One of the descendants of the Carmichael clan, Sarah Carmichael, married Samuel Hindman, a wealthy Pennsylvania merchant in the early 1790s. They then moved to Knoxville, and their youngest son Thomas C. Hindman, Sr. was born on November 10, 1793. Family legend claims that Hindman, Sr. was the first white male child born in Knoxville.
Hindman, Sr. was an ensign in the 39th United States Infantry during the War of 1812. He was promoted to third lieutenant on January 11, 1814, and to second lieutenant on May 20 of the same year. He fought in the Battle of New Orleans, the final major battle of the war, and served on active duty until he resigned on June 30, 1816, due to health concerns. After leaving the army, Hindman, Sr. operated a military ferry on the Tennessee River and served as a lieutenant colonel in the 10th Territorial Militia Regiment for the Alabama Territory. In his dealings as a merchant, he met Lewis Ross. Hindman, Sr. was a frequent visitor at the Ross household, and it was there that he met Lewis’ sister-in-law, Sallie Holt. After a brief courtship, the couple was married in Knoxville on January 21, 1819. After settling down in Rhea County, Tennessee, their first daughter was born in 1820. Three more children, Robert, Mary, and Sarah, were born after the family moved to Post Oak Springs. The family moved back to Knoxville in 1827. Thomas Carmichael Hindman, Jr. was born the next year, and Mildred followed in the year after that.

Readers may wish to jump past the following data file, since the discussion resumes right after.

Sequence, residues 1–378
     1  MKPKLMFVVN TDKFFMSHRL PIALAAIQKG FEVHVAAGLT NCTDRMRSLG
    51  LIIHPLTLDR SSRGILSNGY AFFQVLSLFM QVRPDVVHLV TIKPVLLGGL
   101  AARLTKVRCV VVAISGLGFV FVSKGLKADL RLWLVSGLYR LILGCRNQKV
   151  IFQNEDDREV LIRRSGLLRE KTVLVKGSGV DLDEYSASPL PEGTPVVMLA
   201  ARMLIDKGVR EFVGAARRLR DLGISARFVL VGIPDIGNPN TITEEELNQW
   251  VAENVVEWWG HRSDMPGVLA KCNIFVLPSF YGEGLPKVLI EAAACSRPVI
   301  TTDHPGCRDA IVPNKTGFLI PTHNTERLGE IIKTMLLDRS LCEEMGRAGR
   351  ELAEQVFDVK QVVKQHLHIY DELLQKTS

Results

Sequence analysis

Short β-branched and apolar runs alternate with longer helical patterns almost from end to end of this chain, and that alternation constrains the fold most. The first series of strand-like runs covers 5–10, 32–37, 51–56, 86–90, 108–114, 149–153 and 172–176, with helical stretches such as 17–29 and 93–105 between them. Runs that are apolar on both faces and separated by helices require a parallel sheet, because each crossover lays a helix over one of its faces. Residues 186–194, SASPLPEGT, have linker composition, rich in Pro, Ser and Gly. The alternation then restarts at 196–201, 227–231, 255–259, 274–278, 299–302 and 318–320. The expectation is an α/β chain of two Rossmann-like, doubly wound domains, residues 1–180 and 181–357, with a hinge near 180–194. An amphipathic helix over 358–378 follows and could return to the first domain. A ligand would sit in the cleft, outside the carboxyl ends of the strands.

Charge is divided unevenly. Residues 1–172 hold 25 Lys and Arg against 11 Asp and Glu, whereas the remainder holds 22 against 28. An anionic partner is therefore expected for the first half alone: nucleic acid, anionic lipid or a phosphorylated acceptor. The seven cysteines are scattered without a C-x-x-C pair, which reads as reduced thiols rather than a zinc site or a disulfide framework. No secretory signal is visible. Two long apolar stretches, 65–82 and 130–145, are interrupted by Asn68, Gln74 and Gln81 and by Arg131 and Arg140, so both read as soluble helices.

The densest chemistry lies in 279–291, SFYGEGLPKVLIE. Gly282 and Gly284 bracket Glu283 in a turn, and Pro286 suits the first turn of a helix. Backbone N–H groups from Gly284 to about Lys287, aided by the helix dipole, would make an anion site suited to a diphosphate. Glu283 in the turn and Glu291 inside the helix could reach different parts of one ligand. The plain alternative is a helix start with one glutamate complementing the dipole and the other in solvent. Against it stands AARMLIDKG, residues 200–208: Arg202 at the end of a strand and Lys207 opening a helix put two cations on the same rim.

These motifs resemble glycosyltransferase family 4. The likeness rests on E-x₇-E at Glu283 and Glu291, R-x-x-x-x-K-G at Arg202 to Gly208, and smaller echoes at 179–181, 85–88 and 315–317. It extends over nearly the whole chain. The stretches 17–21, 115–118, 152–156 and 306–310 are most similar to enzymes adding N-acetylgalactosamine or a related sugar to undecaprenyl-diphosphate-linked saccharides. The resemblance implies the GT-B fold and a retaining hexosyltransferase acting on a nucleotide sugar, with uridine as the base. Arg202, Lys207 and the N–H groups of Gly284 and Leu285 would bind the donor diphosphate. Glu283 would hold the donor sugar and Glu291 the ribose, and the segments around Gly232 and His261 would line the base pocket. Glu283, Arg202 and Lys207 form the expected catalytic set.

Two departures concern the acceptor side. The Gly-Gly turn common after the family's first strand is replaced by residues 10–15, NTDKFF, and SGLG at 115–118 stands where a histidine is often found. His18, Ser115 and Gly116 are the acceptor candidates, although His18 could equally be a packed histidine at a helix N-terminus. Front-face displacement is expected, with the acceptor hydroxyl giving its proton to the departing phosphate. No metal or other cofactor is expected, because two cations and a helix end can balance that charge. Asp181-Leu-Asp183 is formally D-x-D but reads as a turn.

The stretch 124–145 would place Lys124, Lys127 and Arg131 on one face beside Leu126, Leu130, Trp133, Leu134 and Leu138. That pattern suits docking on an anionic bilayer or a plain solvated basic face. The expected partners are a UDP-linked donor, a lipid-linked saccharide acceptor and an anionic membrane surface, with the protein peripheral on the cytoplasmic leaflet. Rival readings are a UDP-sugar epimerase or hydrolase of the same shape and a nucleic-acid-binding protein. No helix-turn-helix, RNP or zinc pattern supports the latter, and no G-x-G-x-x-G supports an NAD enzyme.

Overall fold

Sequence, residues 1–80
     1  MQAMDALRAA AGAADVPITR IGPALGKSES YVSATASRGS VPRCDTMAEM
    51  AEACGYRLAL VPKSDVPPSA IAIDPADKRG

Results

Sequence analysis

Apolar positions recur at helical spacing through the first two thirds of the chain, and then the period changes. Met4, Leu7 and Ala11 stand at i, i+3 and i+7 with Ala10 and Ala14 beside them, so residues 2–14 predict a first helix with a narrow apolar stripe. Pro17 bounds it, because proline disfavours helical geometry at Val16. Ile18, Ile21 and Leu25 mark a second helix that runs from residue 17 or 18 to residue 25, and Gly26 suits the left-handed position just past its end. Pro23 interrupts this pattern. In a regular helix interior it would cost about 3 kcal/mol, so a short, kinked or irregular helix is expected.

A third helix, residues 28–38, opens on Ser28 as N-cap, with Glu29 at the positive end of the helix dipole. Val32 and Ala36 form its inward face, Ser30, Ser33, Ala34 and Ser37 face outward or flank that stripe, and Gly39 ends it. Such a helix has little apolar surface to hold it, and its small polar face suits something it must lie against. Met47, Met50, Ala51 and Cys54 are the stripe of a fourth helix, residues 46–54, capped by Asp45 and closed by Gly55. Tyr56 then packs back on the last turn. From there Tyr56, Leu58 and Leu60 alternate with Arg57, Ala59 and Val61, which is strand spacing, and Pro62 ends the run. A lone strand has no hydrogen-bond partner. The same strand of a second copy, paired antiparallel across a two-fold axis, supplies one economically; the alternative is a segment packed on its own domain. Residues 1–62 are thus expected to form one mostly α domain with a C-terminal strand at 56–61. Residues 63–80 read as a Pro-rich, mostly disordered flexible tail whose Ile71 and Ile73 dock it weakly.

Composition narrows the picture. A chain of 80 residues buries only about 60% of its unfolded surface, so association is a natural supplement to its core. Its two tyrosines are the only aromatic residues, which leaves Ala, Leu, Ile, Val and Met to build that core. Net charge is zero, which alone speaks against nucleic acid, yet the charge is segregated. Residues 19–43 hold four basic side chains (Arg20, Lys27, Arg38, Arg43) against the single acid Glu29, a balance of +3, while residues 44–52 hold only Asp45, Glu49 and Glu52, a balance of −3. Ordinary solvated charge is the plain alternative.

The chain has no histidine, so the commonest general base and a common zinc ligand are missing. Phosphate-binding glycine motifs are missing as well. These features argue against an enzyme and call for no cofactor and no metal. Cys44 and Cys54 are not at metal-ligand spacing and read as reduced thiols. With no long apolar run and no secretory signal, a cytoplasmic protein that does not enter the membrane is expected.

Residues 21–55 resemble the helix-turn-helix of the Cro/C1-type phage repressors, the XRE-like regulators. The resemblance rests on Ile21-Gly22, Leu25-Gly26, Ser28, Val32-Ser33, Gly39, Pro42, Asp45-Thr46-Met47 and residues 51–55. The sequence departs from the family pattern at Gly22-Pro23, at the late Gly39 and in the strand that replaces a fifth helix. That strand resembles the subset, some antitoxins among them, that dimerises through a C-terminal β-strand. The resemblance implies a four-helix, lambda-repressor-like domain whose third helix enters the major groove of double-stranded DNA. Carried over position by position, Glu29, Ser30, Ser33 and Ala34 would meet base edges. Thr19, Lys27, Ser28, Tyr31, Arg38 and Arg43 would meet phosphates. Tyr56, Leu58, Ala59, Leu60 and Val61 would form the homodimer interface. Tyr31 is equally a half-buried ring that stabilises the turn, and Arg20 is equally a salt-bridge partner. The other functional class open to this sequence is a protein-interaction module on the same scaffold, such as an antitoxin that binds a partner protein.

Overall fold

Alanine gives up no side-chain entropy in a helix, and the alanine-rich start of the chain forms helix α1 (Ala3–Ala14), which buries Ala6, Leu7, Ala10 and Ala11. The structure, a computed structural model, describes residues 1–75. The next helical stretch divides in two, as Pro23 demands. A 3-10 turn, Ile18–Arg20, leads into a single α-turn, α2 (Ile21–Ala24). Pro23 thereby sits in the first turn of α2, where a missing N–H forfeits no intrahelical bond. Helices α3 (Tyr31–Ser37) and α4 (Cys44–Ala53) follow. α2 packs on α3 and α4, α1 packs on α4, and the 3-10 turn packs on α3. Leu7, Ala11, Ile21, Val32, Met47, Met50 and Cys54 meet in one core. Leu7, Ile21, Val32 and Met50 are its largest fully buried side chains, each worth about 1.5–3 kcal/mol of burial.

Early life and education
The elder Hindman frequently made business trips to Alabama and even moved the family to Jacksonville after buying several lots of land there. He took advantage of the many local business opportunities and was able to provide his family with whatever they needed. He also gained a reputation for honesty with his business associates, which included Cherokee Indian tribes in the area. Hindman became trusted by the Cherokee Nation and was appointed as the sub-agent to the Cherokees by President James Monroe. After Andrew Jackson became president, Hindman, Sr. was appointed to the post of United States Agent for the Cherokee Nation. The elder Hindman frequently traveled to Washington D.C. to discuss the interests of the Cherokee Nation, and in 1841 was assigned by Acting Secretary of War Albert M. Lea to determine why the Cherokees in North Carolina had rejected the government’s suggestion to join other parts of the tribe in Indian Territory. Hindman spent almost two months unsuccessfully trying to persuade the North Carolina Cherokees to rejoin the rest of their nation further West.